Instead of studying for her chemistry test, junior Sam Pokharel was watching “Grey’s Anatomy.” On the surface, the sight of seeing the junior engrossed in the screen of her laptop may bring about judgments of the situation: Pokharel was apathetic about the upcoming exam.
The truth, however, couldn’t be more of the opposite.
Pokharel was acutely aware of all the work she was ignoring as she watched the show and felt the physical weight of stress build as she continued watching. Sometimes, she panics so much that she has to stop and take a couple of deep breaths. She also had the same feelings while on her phone when she should be finishing work. She’ll sit on her phone and endlessly scroll through the explore page, and she’ll send countless Snapchats to her friends.
“[I feel attached to my phone] all the time. I just need to catch up with everyone. I feel the need to be constantly updated about everything,” Pokharel said. “And I think it also has to do a big part with the fact that I recently got a Snap[chat] so it’s something fairly new to me and I’ve been liking it a lot because I can catch up with my friends easily.”
Part of the reason Pokharel uses her phone so much now is that she got social media accounts around four months ago. She said she described her time before having social media as “being in the dark” and now feels it is a norm to her everyday life. It’s so normalized now that she struggles with turning the device off, even when she is aware and anxious about her schoolwork.
“[I got social media] because all my friends told me to, but I’m regretting that so much ‘cause it’s affecting my school work,” Pokharel said. “[Because] I’m constantly on my phone instead of doing homework and my grades are slipping, and when it’s before a test, I start panicking because I don’t know the content.”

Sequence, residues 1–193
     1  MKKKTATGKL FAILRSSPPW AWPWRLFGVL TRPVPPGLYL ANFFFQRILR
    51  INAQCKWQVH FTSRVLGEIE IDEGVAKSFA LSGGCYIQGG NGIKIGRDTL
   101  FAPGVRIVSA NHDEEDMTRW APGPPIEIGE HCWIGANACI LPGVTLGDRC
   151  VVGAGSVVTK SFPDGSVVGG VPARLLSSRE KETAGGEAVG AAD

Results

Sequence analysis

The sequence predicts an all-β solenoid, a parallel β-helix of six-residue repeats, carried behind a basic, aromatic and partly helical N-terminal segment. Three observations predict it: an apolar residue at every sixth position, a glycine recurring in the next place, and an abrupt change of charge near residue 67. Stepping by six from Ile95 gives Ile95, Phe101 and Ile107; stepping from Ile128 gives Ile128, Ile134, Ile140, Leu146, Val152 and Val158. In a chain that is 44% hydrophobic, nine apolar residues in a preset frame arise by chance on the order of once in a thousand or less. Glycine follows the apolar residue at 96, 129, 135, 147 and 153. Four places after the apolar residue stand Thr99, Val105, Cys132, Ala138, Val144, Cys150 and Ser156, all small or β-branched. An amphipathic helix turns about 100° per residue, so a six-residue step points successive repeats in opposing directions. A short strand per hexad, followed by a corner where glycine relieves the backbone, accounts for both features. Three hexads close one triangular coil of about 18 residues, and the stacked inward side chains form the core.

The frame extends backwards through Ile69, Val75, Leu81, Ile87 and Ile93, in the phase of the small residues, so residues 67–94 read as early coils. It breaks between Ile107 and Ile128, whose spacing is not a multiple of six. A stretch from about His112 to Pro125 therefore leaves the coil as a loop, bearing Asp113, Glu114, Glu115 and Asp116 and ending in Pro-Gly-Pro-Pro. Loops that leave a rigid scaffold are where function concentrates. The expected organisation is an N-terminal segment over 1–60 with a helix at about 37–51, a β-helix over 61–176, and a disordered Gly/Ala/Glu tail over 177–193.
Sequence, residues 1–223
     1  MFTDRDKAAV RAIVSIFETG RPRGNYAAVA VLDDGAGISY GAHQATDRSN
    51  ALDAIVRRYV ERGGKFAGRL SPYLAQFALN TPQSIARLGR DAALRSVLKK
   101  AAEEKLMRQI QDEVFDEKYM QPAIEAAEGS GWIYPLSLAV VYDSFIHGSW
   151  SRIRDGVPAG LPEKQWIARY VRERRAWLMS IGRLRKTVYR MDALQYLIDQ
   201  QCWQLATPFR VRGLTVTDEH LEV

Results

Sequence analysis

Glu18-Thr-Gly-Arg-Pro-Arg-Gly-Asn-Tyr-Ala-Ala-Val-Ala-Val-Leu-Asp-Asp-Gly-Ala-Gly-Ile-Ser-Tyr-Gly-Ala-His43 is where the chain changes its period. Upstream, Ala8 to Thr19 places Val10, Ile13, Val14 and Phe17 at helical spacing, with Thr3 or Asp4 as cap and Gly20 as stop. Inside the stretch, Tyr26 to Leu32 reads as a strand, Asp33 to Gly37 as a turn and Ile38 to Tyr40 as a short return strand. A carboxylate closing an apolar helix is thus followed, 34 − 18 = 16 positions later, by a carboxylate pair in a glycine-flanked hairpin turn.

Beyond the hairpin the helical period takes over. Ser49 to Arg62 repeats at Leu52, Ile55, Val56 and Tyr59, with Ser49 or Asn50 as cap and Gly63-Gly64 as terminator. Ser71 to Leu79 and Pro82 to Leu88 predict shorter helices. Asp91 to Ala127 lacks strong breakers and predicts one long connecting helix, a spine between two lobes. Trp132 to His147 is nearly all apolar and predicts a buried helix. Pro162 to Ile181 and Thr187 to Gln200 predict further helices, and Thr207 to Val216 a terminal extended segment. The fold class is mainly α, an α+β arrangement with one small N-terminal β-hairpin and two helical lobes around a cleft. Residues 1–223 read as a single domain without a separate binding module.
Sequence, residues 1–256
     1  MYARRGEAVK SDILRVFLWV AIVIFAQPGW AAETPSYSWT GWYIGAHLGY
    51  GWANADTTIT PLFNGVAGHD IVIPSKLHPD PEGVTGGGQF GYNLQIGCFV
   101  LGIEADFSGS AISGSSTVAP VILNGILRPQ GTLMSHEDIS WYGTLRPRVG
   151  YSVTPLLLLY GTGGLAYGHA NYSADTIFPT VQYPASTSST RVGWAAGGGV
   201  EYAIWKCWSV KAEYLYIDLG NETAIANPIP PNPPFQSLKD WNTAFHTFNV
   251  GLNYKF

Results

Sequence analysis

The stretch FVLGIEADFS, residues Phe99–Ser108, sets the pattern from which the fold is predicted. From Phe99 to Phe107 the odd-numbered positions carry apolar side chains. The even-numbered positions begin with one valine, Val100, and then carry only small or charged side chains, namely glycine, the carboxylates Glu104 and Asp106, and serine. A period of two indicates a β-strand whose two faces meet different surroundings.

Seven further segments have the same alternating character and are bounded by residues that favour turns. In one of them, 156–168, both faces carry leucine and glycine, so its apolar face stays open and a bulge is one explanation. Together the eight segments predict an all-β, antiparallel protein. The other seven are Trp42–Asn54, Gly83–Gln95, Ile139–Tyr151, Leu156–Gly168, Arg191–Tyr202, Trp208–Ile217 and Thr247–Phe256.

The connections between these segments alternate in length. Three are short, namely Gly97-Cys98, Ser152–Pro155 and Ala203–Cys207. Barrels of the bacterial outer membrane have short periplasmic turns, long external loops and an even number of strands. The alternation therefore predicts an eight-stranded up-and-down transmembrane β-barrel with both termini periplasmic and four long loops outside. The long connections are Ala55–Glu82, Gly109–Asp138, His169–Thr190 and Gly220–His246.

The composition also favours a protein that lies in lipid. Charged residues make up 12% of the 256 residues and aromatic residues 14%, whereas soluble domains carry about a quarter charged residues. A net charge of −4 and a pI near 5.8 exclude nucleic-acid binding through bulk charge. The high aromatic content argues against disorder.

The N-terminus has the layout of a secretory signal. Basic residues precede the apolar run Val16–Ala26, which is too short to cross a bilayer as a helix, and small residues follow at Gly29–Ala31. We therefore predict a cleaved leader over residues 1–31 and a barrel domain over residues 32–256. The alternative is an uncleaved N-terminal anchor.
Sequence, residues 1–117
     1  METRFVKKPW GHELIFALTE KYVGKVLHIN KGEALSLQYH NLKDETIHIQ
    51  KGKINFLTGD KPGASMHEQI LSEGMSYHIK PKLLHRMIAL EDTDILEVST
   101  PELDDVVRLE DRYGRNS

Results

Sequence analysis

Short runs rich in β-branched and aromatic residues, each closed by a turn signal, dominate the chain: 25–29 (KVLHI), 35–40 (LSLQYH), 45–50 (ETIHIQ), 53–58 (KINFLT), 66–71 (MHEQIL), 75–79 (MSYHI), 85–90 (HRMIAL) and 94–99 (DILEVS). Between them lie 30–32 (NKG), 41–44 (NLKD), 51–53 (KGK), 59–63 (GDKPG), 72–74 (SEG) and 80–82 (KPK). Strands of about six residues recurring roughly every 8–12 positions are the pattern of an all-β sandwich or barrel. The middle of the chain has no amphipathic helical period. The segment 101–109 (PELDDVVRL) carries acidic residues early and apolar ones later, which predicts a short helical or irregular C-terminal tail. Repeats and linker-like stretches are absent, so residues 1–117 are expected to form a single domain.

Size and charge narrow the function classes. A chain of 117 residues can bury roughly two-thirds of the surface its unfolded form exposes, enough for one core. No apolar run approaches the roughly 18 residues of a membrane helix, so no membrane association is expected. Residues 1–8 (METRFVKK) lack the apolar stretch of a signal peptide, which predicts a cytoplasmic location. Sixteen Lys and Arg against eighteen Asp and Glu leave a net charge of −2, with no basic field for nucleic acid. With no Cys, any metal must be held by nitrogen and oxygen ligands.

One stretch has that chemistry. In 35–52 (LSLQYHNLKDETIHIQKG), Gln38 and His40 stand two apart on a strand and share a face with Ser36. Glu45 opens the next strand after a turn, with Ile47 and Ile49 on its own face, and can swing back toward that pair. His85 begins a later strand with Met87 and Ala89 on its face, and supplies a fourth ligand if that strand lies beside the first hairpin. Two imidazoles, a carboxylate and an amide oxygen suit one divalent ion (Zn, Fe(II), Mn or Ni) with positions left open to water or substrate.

Pokharel is not the only teen who experiences this attachment. 50 percent of teenagers feel addicted to their mobile devices, a study by Common Sense Media reported.
Further studies link excessive phone usage to low self-esteem, anxiety and depression, yet others say there is little evidence that the former causes any of the latter. The National Center for Biotechnology Information said there was no clear distinction whether problematic phone use coexists with or is a consequence of psychological comorbidities.
Advanced Placement (AP) United States History teacher Deborah McDonough has seen during the past five years in her classroom that students have misused technology, and it impacts their abilities. In writing especially, she said students struggle with convention errors, such as run-on sentences, misused pronouns, incorrect punctuation, and keeping a singular idea throughout essays. She worries overuse of technology will continue to hinder students.
“I’m not sure anyone can ‘control’ technology in the classroom. There are students who can unplug and stay engaged in what is taking place in the classroom while there are students who are completely addicted to their phones,” McDonough said. “My teaching partner and I give students warnings about misuse of electronic devices, and if it continues, we contact parents for support. We are not opposed to writing office referrals if necessary.”